Lemon

a modern C++ library for mining structural information from the PDB

Introduction

The MacroMolecular Transmission Format (MMTF) is a highly efficient file Format for the storage and processing of biomolecular data. As of January 2019, the entire Protein Data Bank (PDB) can be stored in under 10 Gb when using this format and compressed using the Gzip algorithm. As a result, a copy of the PDB is availible for here.

While packages are availible for decoding MMTF structures, these packages do not provide suitable working environments for exploring and manipulating the contents of an MMTF file. Further, few packages exist to run PDB-wide calculations easily, efficiently, and using parallel environments provided by traditional high-throughput computing clusters. Lemon solves this issue by providing both a C++-based API for reading PDB Hadoop sequence files and a parallel environment for launching PDB-wide calculations. We have deemed these PDB-wide calculations workflows and the remainder of this document details how to create and run these workflows in both C++ and Python environments.

Obtaining Lemon

C++ header library and example programs

Lemon’s source code is availible under the BSD license and located on GitHub. Lemon can be obtained using the following commands in a UNIX-like environment. To build the C++ side of Lemon, you need a C++11 compiler, the CMake build system. Note ASYNC features require a C++14 compiler.

For Python support, please install the Python interpreter and C development libraries for the version of Python you wish to use and sure that this version of Python is the default version used on the command-line.

git clone https://github.com/chopralab/lemon.git
cd lemon
mkdir build
cd build
# The LEMON_BUILD_PYTHON and LEMON_TEST_ASYNC variables are optional and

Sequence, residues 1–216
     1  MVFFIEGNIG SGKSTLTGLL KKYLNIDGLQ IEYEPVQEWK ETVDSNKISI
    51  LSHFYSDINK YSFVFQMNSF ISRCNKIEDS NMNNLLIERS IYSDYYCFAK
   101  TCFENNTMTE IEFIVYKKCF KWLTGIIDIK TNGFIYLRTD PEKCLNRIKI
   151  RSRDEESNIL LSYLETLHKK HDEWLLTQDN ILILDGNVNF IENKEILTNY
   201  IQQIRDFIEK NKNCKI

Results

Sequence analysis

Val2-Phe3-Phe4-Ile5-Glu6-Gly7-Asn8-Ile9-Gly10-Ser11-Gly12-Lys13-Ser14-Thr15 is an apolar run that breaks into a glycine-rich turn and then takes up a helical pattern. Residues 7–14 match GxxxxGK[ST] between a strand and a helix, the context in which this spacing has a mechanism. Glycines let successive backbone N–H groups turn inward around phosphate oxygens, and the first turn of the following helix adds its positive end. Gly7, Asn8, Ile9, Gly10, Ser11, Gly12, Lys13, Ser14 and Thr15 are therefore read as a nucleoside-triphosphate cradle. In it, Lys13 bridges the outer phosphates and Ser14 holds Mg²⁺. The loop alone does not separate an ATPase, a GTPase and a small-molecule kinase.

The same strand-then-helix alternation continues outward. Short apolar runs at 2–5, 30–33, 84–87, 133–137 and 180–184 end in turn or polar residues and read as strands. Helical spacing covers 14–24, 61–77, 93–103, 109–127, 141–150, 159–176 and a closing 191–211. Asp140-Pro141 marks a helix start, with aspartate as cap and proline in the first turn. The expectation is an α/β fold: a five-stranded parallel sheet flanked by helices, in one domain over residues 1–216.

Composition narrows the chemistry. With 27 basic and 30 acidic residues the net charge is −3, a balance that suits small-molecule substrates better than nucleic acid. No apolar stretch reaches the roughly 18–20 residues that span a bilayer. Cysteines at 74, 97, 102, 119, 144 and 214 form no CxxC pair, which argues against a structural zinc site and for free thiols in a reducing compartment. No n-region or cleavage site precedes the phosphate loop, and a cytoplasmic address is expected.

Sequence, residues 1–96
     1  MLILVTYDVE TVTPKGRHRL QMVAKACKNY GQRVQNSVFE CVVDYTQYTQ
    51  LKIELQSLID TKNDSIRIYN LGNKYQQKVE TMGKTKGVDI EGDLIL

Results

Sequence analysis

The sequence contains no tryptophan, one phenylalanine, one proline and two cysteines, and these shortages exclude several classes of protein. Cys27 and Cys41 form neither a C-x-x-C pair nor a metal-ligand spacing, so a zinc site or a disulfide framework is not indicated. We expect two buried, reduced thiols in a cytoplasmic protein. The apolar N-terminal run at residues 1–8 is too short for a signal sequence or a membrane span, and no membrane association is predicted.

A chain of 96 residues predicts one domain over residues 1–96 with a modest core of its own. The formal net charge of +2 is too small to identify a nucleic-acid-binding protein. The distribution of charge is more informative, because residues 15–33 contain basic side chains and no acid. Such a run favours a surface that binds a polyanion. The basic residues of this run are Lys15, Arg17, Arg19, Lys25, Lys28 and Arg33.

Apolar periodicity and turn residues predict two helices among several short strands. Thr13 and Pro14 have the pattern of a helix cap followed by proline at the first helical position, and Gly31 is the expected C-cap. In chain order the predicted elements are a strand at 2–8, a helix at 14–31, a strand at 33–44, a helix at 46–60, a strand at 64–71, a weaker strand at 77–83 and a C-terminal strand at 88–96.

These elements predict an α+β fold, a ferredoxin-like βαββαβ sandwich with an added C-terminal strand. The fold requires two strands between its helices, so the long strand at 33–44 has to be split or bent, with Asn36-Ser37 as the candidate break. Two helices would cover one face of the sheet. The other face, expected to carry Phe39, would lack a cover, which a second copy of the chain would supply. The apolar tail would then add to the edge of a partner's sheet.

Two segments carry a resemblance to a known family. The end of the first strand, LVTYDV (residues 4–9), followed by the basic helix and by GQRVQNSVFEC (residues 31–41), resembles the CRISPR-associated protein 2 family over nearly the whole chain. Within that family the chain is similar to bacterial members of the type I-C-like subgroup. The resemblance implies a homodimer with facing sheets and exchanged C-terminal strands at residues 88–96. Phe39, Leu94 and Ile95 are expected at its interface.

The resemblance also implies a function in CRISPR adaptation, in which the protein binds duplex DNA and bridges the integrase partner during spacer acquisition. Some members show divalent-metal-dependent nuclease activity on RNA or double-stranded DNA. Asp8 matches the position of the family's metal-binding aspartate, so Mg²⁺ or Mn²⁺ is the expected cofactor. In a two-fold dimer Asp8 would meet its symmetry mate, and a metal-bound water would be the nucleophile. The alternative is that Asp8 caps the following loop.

# OFF by default
cmake .. -DCMAKE_BUILD_TYPE=Release # Give additional build arguments here
cmake --build . -- #(additional build arguments like -j2 or /m:2)

Prebuilt Python module for pip

A prebuilt version of Lemon is availible on the Python Package Index (PyPI). It can be installed for recent versions of Python (v3.5+). For Linux platforms, v2.7 is support as well for legacy reasons. Use the following command to install it.

python3 -m pip install candiy-lemon

Note that this package uses the synchronous threading model and is compiled using a relatively old version of GCC to meet the requirements of the PyPI service. Therefore, some users may wish to install the package themselves. See the next section for details.

Building the Python module manually

Users interested in better compiler options can opt to build the Lemon module themselves. This is the only option for supporting older versions of Python and asynchronous threading. Make sure the python command corresponds to the version of Python you wish to build the module for.

git clone https://github.com/chopralab/lemon.git
cd lemon
python setup.py bdist_wheel --build-type MinSizeRel -- \
  -DPYTHON_EXECUTABLE:FILEPATH=`which python` \
  # Other cmake options here
python -m pip install *.whl # The name of the wheel file is dependant on the python version

Please be sure to check the output of the build process to ensure the correct compiler, Python interpreter, and other build options are selected.

Developing a Lemon workflow

Lemon supports workflow development in both C++ or Python. We have documented for both languages is presented side-by-side as to avoid repetition of the same text and examples.

The underlying philosophy of the Lemon API is that of functional programming. Therefore, many functions operate on existing structures that the user initializes and passes to the operations of interest.